Snowden leaked information about the telephone data collection earlier this year. It was among the first disclosures in the wave of leaks from the 1.7 million documents that the NSA says Snowden stole before fleeing first to Hong Kong and then to Russia.

One NSA official assessing the damage of the Snowden leaks, Rick Ledgett, told the 60 Minutes TV news program Sunday that Snowden made off with "the keys to the kingdom."

U.S. officials have sought Snowden's extradition to stand trial on espionage charges, but Russia has refused.

At the White House Monday, a spokesman said Snowden should be returned to the United States as soon as possible to stand trial on charges of leaking the classified information.

Featured Videos

Your JavaScript is turned off or you have an old version of Adobe's Flash Player. Get the latest Flash player.
Amnesty Accuses Saudi Coalition of ‘War Crimes’ in Yemeni
Henry Ridgwell
October 12, 2015 4:03 PM
The human rights group Amnesty International has accused the Saudi-led coalition of war crimes in airstrikes against Houthi rebels in Yemen. Henry Ridgwell reports the group says hundreds of civilians have been killed in strikes on residential areas.

Video Amnesty Accuses Saudi Coalition of ‘War Crimes’ in Yemen

The human rights group Amnesty International has accused the Saudi-led coalition of war crimes in airstrikes against Houthi rebels in Yemen. Henry Ridgwell reports the group says hundreds of civilians have been killed in strikes on residential areas.

Video No Resolution in Sight to US House Speaker Drama

Uncertainty grips the U.S. Congress, where no consensus replacement has emerged to succeed Republican House Speaker John Boehner after his surprise resignation announcement. Half of Congress is effectively leaderless weeks before America risks defaulting on its national debt and enduring another partial government shutdown.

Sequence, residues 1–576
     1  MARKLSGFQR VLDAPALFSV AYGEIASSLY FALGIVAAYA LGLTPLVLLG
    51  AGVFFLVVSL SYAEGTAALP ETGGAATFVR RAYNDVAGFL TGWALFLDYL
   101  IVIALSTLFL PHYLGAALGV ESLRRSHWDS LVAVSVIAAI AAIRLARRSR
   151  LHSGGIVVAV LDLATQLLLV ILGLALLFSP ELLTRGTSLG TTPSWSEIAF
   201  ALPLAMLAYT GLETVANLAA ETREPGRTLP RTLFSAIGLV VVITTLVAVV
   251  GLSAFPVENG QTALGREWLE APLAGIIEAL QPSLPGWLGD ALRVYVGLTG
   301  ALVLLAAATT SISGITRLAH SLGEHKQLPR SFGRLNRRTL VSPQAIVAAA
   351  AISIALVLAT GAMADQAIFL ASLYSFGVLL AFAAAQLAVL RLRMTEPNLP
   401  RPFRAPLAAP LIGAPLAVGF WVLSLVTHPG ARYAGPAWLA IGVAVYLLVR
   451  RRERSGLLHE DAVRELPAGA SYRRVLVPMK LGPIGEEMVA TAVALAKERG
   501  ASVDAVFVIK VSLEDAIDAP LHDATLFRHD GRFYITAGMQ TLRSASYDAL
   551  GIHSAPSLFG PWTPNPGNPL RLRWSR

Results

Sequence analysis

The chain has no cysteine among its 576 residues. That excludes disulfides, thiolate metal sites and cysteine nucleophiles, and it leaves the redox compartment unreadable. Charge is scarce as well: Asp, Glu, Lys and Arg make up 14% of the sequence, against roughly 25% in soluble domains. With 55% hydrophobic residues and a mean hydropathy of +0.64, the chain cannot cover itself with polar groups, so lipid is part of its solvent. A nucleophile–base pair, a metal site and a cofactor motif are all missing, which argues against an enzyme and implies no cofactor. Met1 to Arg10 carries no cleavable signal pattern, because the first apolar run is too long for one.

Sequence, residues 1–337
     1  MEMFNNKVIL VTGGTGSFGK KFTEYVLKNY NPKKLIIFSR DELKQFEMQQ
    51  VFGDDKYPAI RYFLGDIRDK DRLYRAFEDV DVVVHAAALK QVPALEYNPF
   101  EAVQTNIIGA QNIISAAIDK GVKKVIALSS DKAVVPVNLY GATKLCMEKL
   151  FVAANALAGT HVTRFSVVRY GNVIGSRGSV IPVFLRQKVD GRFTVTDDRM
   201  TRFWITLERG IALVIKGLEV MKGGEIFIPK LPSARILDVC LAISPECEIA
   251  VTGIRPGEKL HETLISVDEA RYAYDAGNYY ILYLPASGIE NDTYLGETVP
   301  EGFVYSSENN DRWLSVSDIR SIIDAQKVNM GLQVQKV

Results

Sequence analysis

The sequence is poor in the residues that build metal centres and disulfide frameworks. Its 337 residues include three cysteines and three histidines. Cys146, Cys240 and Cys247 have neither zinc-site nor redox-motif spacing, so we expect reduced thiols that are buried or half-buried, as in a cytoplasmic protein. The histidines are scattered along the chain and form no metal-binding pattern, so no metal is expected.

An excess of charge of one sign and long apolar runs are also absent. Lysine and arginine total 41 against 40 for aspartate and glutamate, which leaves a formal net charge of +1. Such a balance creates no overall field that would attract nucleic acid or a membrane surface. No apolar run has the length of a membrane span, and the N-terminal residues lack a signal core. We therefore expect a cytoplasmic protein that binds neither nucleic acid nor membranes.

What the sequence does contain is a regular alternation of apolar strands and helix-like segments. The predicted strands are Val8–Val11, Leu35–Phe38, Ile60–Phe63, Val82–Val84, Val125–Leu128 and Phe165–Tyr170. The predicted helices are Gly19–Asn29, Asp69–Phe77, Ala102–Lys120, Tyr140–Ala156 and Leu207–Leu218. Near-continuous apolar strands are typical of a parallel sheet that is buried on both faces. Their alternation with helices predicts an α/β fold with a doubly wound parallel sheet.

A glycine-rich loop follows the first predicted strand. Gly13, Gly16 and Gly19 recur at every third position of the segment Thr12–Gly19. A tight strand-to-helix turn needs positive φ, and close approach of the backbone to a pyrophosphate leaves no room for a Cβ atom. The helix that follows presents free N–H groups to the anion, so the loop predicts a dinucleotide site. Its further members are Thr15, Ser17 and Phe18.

Video New Art Exhibit Focuses on Hope

Out of struggle and despair often comes hope. That idea is behind a new art exhibit at the American Visionary Art Museum in Baltimore, Maryland. "The Big Hope Show" features 25 artists, some of whom overcame trauma and loss. VOA’s Deborah Block reports.

Video Columbus Day Still Generates Controversy as US Holiday

The second Monday of October is Columbus Day in the United States, honoring explorer Christopher Columbus and his discovery of the Americas. The achievement is a source of pride for many, but for some the holiday is marked by controversy. Adrianna Zhang has more.

Video Anger Simmers as Turks Begin to Bury Blast Victims

The Turkish army carried out new air strikes on Kurdistan Workers Party (PKK) targets on Sunday, a day after the banned group announced a unilateral cease fire. The air raids apparently are in retaliation for the Saturday bombing in Turkey's capital Ankara that killed at least 95 people and wounded more than 200 others. But as Zlatica Hoke reports, there are suspicions that Islamic State is involved.

Video Bombings a Sign of Turkey’s Deep Troubles